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Andrew Price

Wales further education pay dispute:

Vote ‘yes’ in strike ballot

(March 2008)

From The Socialist, No. 524, 12 March 2008.
Transcribed by Iain Dalton.
Marked up by Einde O’Callaghan for the Encyclopaedia of Trotskyism On-Line (ETOL).

Welsh members of the University and College Union (UCU) employed in the Further Education (FE) sector, are currently voting in a strike ballot in a pay dispute declared by their union with the Welsh employers’ body Fforwm.

For the last two years Welsh FE lecturers have enjoyed something as yet beyond the reach of their counterparts in England and Northern Ireland – pay parity with schoolteachers.

This national agreement was not the result of the generosity of the employers or the ‘clear red water’ that supposedly separates New Labour in Westminster from its colleagues in the Welsh Assembly in Cardiff. It was the achievement of NATFHE (UCU’s predecessor union), which in Wales was genuinely left-led. We threatened the employers with a massive programme of strike action unless agreement was reached.

Now at virtually the first serious test of the agreement, the employers are blatantly breaking it by refusing lecturers the right to progress to the top point of the salary scale.

UCU members throughout Welsh FE understand that this dispute goes a lot further than this. If the employers break the agreement now, that is the start of a slippery slope.

The agreement has given our membership a small element of protection from the free-market madness originally introduced by the Tories but sustained by New Labour in both London and Cardiff, which once meant 23 Welsh FE colleges all on different pay rates!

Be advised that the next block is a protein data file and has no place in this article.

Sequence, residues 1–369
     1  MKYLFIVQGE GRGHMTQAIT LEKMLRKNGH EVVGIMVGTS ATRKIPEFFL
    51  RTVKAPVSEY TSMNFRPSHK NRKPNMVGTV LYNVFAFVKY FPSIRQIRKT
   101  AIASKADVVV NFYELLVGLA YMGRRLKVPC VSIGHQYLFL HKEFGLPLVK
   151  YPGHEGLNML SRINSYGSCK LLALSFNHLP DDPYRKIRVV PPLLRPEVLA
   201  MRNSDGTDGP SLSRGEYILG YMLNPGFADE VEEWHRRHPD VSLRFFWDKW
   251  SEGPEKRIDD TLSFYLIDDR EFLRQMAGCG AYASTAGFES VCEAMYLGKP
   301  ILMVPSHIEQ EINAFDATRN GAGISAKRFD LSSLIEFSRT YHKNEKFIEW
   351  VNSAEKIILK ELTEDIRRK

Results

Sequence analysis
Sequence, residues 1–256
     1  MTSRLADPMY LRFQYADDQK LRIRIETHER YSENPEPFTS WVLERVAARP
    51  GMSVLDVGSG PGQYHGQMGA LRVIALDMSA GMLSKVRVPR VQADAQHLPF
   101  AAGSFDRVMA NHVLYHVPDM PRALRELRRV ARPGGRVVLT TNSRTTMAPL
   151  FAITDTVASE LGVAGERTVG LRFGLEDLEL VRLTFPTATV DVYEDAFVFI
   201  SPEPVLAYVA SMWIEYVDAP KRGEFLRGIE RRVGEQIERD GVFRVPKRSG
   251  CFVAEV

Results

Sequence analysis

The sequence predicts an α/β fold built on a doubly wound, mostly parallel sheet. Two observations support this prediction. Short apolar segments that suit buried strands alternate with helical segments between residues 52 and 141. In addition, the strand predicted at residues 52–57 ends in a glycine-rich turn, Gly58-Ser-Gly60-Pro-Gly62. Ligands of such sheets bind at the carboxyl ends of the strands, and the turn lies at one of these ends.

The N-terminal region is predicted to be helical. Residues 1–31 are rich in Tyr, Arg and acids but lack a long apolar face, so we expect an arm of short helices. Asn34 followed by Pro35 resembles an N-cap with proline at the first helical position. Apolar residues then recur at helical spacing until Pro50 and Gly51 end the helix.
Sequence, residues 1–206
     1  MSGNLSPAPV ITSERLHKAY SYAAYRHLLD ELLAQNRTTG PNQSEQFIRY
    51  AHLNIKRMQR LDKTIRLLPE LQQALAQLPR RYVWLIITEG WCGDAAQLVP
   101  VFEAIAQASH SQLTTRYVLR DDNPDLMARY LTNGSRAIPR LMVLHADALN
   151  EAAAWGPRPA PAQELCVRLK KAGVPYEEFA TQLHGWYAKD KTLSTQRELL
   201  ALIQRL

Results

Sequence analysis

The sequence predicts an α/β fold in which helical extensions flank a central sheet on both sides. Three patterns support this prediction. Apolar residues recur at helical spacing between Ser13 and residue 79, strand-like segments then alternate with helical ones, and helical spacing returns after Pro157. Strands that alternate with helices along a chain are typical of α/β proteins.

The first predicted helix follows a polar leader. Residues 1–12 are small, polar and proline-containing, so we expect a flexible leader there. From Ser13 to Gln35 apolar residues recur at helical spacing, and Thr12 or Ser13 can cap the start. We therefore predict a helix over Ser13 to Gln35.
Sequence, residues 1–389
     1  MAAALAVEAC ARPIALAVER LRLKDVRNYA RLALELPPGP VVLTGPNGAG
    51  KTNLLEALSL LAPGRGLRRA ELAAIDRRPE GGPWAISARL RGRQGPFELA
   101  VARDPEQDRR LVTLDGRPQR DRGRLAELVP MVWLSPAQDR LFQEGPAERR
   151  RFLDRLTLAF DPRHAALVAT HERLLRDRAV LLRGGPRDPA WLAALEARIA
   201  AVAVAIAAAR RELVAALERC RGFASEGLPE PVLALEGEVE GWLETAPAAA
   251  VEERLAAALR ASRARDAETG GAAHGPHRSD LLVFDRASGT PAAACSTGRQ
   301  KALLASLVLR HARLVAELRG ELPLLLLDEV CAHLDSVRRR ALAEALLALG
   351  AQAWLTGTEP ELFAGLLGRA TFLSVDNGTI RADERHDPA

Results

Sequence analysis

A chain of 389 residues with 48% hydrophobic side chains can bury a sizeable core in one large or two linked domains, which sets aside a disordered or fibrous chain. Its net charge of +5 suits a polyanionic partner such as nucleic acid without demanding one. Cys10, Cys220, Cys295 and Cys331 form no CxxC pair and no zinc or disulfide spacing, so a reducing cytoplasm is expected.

It is essential that UCU members throughout Welsh FE deliver a massive ‘Yes’ vote to both questions on the ballot paper. Voting results will be watched carefully by both the employers and Assembly politicians.

Recently the Webb review into post-school education in Wales recommended the reduction in Welsh FE colleges from 23 to 9. Nobody believes that such a reduction could be achieved without massive redundancies – mostly compulsory.

Fforwm therefore views this dispute as a forerunner of a future bigger battle. Most Welsh FE college principals have imposed a 2.5% pay increase – then awarded themselves an increase way above that. In the week that Welsh Assembly members awarded themselves an 8% increase, UCU members have every right to expect decent pay levels.

A victory in this dispute would not just be a victory for our membership; it would be a victory also for the students throughout the communities we serve.

Andrew Price was UCU Wales lay negotiator on FE pay.

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Last updated: 6 November 2016